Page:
Australian State Extends Mask Mandate, Reduces Quarantine to 7 Days for Close Contacts

By Caden Pearson
Caden Pearson
Caden Pearson
Caden Pearson is a reporter based in Australia, with a background in screenwriting and documentary. Contact him at
December 21, 2021 Updated: December 21, 2021

The Queensland government has extended its protective mask mandate to cinemas, theatres and for hospitality workers from 5 a.m. on Dec. 23.

This comes one day after it reduced the quarantine period by half for peopled deemed close contacts of COVID-19 cases.

Queensland had already made masks mandatory in retail centres, hospitals, aged care, airports, ridesharing vehicles, and on public transport.

“Masks help slow the spread of the virus and we want Queenslanders to keep staying safe as borders open and families reunite,” Queensland Premier Annastacia Palaszczuk wrote on Facebook on Dec. 22.

Palaszczuk announced 186 new COVID-19 cases—the highest in Queensland since the pandemic began. But none of the new cases were in hospital wards requiring “COVID care,” she said.

“We are seeing some preliminary advice is that the vaccines appear to be working and they are protecting Queenslanders from getting seriously sick,” she added.

Of the 186 cases, around 112 are being treated for COVID-19 from their homes instead of in hospital wards per the state’s new policies, according Queensland Chief Health Officer John Gerrard.

While there are 79 people in hospital who also have COVID-19, only one of them is there to be treated for their COVID-19 symptoms, Gerrard said, noting that one patient has underlying health conditions.

Meanwhile, the reduced quarantine period means fully vaccinated close contacts are only required to quarantine for seven days instead of 14. It came into effect at 1 a.m. on Dec. 22.

Close contacts include anyone who has 15 minutes of face to face contact with a confirmed case of COVID-19, the disease caused by the CCP (Chinese Communist Party) virus.

Close contacts will need to return a negative test result on both day one and day five of their quarantine period.

The changes were planned for Jan. 1, 2022, but have been brought forward as the state reached a milestone of 90 percent of eligible Queenslanders getting a first dose of one of the approved COVID-19 vaccines.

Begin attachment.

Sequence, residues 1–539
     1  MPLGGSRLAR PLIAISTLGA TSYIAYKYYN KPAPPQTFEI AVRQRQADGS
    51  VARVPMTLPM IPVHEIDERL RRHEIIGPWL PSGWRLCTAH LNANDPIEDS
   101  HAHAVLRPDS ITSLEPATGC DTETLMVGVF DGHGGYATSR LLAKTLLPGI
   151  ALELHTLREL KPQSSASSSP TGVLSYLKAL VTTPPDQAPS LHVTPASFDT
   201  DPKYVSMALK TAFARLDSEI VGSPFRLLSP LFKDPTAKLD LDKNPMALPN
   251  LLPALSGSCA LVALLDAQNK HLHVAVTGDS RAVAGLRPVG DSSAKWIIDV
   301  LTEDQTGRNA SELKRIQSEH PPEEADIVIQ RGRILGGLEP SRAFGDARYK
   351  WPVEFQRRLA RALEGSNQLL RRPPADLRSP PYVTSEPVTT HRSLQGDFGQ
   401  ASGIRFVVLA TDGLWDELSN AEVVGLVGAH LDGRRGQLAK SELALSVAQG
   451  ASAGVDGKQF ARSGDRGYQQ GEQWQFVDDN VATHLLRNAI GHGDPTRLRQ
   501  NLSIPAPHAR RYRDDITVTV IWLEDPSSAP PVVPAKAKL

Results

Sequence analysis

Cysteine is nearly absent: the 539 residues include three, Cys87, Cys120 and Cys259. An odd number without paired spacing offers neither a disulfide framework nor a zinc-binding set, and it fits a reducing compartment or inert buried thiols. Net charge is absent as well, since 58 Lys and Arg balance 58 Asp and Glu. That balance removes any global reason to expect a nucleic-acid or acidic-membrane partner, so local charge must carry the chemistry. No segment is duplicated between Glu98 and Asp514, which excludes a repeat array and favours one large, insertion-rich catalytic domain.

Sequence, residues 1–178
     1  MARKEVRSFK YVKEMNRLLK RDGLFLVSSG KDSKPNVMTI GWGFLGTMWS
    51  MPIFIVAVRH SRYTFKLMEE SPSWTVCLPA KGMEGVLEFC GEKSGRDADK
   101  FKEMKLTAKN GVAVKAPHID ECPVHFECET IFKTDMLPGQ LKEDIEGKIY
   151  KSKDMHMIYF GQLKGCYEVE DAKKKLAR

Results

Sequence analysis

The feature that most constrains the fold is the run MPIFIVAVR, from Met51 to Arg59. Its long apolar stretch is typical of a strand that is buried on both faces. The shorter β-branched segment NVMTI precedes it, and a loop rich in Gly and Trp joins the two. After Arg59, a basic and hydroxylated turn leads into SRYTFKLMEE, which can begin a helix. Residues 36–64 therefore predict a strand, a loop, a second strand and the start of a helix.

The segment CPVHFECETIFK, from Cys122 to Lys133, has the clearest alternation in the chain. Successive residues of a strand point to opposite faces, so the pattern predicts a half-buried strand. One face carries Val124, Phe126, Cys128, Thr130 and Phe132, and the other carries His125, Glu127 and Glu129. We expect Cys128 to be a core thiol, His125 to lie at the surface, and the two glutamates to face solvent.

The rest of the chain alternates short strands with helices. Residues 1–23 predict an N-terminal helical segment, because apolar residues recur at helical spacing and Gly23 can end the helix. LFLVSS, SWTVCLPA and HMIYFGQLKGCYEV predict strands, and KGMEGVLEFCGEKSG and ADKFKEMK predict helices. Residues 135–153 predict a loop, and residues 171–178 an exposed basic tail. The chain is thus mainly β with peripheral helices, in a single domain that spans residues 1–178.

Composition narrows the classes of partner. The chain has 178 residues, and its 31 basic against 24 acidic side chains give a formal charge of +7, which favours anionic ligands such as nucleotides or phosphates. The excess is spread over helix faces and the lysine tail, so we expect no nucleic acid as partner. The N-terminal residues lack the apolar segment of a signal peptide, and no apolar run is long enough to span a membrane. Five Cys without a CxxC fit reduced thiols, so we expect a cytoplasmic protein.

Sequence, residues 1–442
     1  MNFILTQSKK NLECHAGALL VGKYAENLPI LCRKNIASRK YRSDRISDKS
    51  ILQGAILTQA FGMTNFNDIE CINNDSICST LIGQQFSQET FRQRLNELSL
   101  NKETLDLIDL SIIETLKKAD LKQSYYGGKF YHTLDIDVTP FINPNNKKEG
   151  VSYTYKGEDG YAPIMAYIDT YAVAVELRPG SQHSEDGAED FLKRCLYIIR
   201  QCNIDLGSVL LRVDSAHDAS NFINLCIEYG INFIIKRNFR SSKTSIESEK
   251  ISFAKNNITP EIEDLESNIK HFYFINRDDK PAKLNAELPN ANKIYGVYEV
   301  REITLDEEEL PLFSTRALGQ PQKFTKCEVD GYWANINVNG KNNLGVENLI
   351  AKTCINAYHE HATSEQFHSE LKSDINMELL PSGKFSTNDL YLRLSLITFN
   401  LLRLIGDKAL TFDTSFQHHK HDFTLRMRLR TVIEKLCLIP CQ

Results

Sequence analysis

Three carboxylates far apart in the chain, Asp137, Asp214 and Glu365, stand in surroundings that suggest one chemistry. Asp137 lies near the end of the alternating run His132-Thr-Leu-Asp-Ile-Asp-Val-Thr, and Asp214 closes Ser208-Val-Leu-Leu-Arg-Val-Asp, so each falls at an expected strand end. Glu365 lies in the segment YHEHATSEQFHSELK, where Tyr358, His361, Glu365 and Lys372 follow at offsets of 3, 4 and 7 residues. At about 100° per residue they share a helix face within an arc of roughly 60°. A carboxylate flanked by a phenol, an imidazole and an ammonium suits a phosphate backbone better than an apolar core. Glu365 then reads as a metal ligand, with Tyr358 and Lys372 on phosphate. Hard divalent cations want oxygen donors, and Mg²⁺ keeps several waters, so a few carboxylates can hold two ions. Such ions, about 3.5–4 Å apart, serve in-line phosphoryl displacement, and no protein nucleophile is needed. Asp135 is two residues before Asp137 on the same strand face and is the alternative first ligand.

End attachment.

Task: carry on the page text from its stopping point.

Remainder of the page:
Queensland Deputy Premier and Acting Health Minister Steven Miles welcomed the chief health officer’s advice.

“I know how welcome this move will be,” Miles said in a release.

“It provides more flexibility and certainty to business.

“We want them to be able to remain open and trading through this busy time of year,” he said.

Chief Health Officer Gerrard said the move was consistent with the national guidelines.

“We have been planning this now for a while,” Gerrard told reporters on Tuesday.

“The national guidelines suggested a 14-day quarantine period in states which were in an exclusion phase.

“As we move forward and we are seeing more community transmission, and also now that we’ve reached a high level of vaccination in Queensland, we are joining with the other states in the national standard of a seven-day quarantine period for double vaccinated [people] who come into contact with cases,” he said.

The state government also announced changes to the requirements for businesses listed as exposure sites.

From Dec. 22, businesses will not be required to undertake deep cleaning after being listed as an exposure site, nor do they need to close.

Cleaning can be done overnight with standard household cleaning products.

‘We Have to Effectively Let COVID in’

Meanwhile, Gold Coast Mayor Tom Tate has called on the state government to scrap quarantine requirements in light of the high vaccination rates.

The Courier Mail reported that Queensland’s PCR testing requirement as a condition of entry to the state saw people queuing in cars for two hours.

“The overwhelming conversation I hear is given the vast majority of Queenslanders are vaccinated, we have to effectively let COVID in—and live with it,” Tate said, according to Courier Mail.

“With that in mind, the state has to be careful to ensure constantly changing COVID restrictions and regulations don’t unduly impact on employees, employers and the wider community.”

Tate said that the current rules around isolating close contacts has meant that dozens of police officers and hundreds of hospitality staff need to be stood down, placing “a huge burden” on the police force and small businesses.

“I strongly encourage the Premier to continue to relax the rules as we race towards 90 per cent double vaccination,” he said.

“Otherwise, millions who’ve done the right thing and had double jabs, plus booster jabs, will rightly start asking: what was the point?”

Caden Pearson is a reporter based in Australia, with a background in screenwriting and documentary. Contact him at